The authors often discuss proofs, emphasizing strategy and methods, and in many cases provide technical details. They also discuss the sources and give a bibliography of over 200 entries.
Jan van Mill, who was working at the Vrije University in Amsterdam, describes an interesting interaction with Fedorchuk in [3]. Van Mill received an email from Fedorchuk in the spring of 1999 asking if he could send him a proof of an assertion that appeared in the 1941 book Dimension Theory by Witold Hurewicz and Henry Wallman. After attempting a proof and having failed, van Mill replied to Fedorchuk explaining he had tried but failed to prove the assertion. Fedorchuk wrote back saying he was in a similar position. After further exchanges of emails in which they told each other about finding the same assertion in several books and papers but always without a proof, Fedorchuk asked van Mill if he could arrange for him to visit Amsterdam where they could work together on the problem. The visit was arranged for 1 to 15 May 1999. Van Mill writes:-
A few weeks before his visit, I began to think seriously about the problem. And when I picked him up from Schiphol Airport on 1 May 1999, I was in a state of great excitement. When we saw each other, I said to him before shaking hands: "Vitaly, I can do it!" He replied: "Jan, I can do it too". ... On 11 May 1999 Vitaly spoke at the topology seminar at the University of Amsterdam on dimension theory. Two weeks later, I talked about our joint success that we later published in 'Fundamenta Mathematicae'.
Their joint paper was entitled Dimensionsgrad for locally connected Polish spaces and it was published in 2000. The authors summary is:-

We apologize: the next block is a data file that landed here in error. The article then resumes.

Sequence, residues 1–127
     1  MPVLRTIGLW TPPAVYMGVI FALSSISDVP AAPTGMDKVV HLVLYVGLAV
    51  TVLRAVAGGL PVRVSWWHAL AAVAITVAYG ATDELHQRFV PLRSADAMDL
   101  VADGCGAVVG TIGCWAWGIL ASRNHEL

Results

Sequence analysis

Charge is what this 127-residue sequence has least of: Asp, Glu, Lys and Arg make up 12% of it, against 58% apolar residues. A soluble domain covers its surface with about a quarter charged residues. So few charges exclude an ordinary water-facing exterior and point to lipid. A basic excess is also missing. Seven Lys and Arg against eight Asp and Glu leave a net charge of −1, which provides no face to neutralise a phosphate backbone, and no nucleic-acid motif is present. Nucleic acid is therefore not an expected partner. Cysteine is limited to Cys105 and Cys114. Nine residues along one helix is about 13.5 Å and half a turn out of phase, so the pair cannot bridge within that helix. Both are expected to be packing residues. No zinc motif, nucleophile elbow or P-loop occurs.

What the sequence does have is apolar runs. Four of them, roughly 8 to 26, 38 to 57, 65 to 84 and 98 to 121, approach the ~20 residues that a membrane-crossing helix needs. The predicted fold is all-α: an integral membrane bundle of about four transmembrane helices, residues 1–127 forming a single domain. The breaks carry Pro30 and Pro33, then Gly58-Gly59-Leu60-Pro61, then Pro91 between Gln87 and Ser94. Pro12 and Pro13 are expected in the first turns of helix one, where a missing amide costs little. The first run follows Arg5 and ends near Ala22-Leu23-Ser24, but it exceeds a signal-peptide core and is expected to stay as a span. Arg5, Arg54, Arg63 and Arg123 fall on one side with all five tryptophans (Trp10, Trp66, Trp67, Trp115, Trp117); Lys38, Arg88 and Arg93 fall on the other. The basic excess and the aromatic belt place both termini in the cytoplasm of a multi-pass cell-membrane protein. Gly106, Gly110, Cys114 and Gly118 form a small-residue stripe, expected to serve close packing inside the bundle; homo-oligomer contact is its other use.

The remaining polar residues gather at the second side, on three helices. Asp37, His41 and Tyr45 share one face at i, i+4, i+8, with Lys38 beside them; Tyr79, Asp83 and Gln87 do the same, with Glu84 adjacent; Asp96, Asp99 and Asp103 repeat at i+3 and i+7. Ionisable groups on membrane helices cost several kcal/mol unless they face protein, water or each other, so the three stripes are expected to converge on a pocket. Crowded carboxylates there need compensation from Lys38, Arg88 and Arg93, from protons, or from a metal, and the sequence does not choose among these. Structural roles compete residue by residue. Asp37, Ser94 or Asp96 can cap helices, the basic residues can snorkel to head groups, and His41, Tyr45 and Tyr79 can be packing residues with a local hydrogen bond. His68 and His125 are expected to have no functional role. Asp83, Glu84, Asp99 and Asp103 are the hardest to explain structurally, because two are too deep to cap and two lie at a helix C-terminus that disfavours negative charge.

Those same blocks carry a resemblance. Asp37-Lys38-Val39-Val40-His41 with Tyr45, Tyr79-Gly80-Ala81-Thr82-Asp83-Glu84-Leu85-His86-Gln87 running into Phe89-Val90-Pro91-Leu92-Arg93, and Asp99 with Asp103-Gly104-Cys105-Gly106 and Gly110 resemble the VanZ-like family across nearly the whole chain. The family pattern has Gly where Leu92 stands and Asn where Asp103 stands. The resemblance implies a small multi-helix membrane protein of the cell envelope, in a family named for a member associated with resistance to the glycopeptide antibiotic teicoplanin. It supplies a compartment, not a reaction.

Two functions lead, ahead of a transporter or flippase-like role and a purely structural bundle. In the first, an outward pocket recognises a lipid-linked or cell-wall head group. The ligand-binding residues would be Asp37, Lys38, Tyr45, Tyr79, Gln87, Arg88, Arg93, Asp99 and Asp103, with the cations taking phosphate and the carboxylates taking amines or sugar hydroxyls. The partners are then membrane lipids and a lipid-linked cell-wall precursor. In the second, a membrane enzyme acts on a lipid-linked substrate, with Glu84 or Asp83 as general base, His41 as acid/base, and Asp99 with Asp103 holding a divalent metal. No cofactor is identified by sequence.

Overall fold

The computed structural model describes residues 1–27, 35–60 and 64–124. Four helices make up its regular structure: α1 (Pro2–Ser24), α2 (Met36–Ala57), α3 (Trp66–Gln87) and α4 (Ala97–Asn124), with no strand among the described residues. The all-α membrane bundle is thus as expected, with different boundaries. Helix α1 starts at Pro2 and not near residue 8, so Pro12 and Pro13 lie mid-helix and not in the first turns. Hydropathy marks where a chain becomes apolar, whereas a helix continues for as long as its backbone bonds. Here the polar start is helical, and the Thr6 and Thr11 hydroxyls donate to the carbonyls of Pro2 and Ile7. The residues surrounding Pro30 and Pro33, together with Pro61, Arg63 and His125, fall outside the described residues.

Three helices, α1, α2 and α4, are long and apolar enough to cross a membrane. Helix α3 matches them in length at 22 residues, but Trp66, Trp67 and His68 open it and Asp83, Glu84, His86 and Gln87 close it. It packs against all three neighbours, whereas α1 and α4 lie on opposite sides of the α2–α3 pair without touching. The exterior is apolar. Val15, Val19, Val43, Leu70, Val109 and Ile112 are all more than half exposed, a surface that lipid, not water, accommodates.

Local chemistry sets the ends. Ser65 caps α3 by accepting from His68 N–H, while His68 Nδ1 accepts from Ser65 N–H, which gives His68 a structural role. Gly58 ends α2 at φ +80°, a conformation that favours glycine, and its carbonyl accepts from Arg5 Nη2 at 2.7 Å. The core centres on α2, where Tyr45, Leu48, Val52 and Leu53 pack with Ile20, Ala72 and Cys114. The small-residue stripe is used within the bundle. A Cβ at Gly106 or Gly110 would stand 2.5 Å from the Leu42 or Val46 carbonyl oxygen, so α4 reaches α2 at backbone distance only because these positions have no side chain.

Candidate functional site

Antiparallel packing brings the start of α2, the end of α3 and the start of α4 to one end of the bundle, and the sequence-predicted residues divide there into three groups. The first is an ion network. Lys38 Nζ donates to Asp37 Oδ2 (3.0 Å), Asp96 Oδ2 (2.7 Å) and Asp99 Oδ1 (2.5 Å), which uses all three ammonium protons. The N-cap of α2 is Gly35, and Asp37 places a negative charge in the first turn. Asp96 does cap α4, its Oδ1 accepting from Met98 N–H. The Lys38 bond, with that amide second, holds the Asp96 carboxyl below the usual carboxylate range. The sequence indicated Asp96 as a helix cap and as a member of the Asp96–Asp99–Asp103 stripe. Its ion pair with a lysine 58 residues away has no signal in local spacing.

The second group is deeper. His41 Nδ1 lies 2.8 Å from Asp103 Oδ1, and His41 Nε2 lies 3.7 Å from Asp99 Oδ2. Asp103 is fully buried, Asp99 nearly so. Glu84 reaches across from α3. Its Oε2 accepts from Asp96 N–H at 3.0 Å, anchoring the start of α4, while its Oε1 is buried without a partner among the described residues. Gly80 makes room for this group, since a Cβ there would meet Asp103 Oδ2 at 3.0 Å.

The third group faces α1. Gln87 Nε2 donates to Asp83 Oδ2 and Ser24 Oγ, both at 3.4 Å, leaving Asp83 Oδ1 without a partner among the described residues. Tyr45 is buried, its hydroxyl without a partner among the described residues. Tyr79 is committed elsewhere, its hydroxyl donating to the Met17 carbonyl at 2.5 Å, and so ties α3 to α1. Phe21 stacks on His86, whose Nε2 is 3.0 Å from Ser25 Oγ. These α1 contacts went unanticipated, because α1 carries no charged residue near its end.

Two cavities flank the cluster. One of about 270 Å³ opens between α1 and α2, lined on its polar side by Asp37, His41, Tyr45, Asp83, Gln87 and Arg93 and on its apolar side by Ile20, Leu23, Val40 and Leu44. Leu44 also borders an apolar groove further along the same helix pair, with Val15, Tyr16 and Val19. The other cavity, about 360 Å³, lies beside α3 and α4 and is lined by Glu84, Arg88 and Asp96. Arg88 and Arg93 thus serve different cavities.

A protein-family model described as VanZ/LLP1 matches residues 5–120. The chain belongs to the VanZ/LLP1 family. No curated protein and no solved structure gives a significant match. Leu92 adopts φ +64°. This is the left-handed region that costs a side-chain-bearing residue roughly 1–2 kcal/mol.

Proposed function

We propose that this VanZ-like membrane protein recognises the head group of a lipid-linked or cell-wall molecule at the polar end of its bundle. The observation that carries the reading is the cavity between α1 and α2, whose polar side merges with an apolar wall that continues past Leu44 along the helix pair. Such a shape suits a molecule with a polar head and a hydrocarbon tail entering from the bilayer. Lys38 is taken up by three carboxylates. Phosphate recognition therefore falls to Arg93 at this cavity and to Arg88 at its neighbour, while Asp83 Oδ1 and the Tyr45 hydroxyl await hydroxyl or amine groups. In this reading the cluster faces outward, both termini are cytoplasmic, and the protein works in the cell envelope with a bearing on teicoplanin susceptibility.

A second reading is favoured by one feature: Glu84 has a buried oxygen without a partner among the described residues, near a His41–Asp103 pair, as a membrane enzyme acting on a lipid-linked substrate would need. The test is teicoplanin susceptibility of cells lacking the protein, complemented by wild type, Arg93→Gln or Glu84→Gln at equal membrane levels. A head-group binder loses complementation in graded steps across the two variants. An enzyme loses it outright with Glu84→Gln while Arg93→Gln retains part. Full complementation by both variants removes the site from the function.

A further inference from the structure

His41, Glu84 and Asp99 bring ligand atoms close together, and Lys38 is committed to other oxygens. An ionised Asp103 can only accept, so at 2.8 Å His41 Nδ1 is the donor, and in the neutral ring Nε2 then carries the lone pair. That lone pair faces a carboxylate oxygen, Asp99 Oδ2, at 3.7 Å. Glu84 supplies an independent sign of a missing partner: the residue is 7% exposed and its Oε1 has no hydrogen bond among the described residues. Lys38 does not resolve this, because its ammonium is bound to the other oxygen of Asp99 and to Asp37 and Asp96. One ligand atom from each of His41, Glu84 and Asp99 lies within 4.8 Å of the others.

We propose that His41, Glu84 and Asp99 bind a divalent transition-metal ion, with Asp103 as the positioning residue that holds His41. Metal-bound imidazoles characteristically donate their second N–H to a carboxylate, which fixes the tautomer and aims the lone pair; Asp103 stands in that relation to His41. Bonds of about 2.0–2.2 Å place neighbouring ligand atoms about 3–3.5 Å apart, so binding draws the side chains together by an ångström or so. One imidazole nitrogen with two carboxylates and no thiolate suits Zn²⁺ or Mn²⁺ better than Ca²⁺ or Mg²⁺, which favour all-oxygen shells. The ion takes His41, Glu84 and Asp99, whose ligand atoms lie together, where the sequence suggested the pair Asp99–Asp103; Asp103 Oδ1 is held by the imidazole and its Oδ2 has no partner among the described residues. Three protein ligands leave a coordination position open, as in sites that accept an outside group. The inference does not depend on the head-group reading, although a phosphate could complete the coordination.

It is shown that for every n ≥ 2 there exists an n-dimensional locally connected Polish space with Dimensionsgrad 1.
We note that 'Dimensionsgrad' was a dimension function due to L E J Brouwer which was based on ideas of Henri Poincaré. In their paper, Fedorchuk and van Mill write:-
In 1913, Brouwer presented the first definition of a dimensional invariant intended for Polish spaces without isolated points (in the terminology of his days: normal sets in the sense of Fréchet). He called it "Dimensionsgrad".
In this paper Fedorchuk thanked:-
... the Division of Mathematics and Computer Science of Vrije Universiteit for generous hospitality and support.
Let is end our biography by quoting the authors of [1] who write:-
Fedorchuk devoted much time and energy to the organization of the educational and scientific processes at Moscow State University, being a member of the Academic Board of the university and the Academic Council of the Mechanics and Mathematics Faculty. In 2006, Vitaly Vitalievich Fedorchuk was awarded the title of Honorary Professor at Moscow State University. From 2008 until his death he was the director of the Baku branch of Moscow State University.

Article by: J J O'Connor and E F Robertson